“If your financing provider uses the term ‘interest rate,’ ask if that interest rate is actually APR, and if it isn’t, ask for the APR equivalent. ‘Interest rate’ only represents the rate of interest that is charged over a specified time period (e.g. a month, six months, or a year),” Fairbank says. “The good actors will not confuse interest rate with APR, but many of the unscrupulous companies will. These companies may tell you that you are paying an ‘interest rate’ of 20% for six months, and that may sound great, but can actually represent an APR of upwards of 70% depending on how the loan is structured.”
A marketplace like Fundera can be a good resource for finding some of that information. Fundera has several business loan calculators on its site to help would-be borrowers understand the breakdown of costs for different types of loans.
Just as knowing costs is important, understanding the product you’re getting is also critical. Ask what will happen in certain scenarios, including inability to repay an existing loan or refinancing. To avoid lenders that engage in “double dipping” – adding new fixed charges on existing principal – it’s OK to directly ask a potential lender whether they double dip. If they say they don’t know, Fairbank says it’s likely they do double dip, and that lender should be avoided.
Examples of Good Alternative Lending Business Practices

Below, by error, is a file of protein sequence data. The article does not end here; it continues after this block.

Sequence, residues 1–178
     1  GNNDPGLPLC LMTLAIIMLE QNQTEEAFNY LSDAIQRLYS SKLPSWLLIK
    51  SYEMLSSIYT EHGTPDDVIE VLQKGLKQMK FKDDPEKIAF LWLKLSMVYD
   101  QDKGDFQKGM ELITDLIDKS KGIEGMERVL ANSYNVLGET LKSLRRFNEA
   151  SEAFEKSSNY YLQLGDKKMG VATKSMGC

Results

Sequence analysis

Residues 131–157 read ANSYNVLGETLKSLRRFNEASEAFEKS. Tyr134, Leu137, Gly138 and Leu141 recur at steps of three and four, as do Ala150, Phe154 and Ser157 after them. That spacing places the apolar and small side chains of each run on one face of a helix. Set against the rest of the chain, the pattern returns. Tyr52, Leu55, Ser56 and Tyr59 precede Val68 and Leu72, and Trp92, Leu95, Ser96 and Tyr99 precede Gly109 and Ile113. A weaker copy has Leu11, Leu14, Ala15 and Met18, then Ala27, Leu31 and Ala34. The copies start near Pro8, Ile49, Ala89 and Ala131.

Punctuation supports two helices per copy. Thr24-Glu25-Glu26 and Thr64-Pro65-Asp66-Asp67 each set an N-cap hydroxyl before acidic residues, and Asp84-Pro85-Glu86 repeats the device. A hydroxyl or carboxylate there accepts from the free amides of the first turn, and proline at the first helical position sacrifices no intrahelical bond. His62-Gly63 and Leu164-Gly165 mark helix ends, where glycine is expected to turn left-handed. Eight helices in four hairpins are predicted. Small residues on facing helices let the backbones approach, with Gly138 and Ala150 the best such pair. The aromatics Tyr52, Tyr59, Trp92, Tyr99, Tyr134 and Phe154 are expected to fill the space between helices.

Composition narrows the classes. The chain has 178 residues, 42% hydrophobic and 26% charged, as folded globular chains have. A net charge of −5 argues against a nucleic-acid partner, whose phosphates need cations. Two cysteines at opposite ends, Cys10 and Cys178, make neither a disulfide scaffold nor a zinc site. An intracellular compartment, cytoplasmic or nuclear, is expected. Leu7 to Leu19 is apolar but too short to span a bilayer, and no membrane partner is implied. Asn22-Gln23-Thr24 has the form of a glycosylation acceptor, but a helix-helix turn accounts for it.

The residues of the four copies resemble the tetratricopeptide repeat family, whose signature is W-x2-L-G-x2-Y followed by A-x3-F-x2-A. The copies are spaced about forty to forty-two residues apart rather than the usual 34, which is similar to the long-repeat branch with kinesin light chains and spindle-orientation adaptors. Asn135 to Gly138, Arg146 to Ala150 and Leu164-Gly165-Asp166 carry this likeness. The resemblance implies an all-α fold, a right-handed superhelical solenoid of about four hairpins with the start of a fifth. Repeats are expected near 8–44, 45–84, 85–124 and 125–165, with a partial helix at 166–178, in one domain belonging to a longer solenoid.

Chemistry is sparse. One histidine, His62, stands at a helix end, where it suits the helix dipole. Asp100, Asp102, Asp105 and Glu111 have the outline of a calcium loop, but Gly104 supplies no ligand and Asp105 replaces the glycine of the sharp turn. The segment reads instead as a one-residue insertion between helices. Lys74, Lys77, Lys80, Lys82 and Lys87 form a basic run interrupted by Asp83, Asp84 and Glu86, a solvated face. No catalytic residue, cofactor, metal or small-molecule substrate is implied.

Groups like the CRBF, the Responsible Business Lending Coalition, and the Innovative Lending Platform Association are all vocal advocates for responsible online lending and transparency. The lenders that participate in CRBF and the Innovative Lending Platform’s SMART box (Straightforward Metrics Around Rate and Total Cost) initiative are also vocal proponents of what they call industry best practices, as is the marketplace Fundera.
“There’s an aggressive push for disclosing all fees and all costs associated with a loan,” says Tom Sullivan, executive director of the CRBF. “Our coalition members want to establish themselves as white knights in the non-traditional lending sector.”
What does that look like? In part it’s avoiding the practices that Fairbank cautions borrowers to look out for. That means no double dipping, no aggressive sales tactics, and no lending amounts larger than a company can responsibly afford. Fairbank says his company also offers performance rewards and term improvement programs to help customers move to lower cost financing over time, either through Breakout Capital or one of that company’s lending partners.
It also means helping to develop standards in the industry like the SMART box and the borrower’s bill of rights. SMART box is an effort to create a chart with standardized pricing comparisons and explanations that will help business owners understand the costs around different loan products in order to make a fully informed decision. And the borrower’s bill of rights is an effort by brokers, online lenders, credit marketplaces, and small business advocates to establish a set of responsible lending practices.
“As our industry rapidly evolves, we believe it is critical to provide the tools and transparency businesses need to make informed borrowing decisions,” said Kabbage co-founder and COO Kathryn Petralia of the SMART box initiative. Kabbage is a member of the Innovative Lending Platform Association.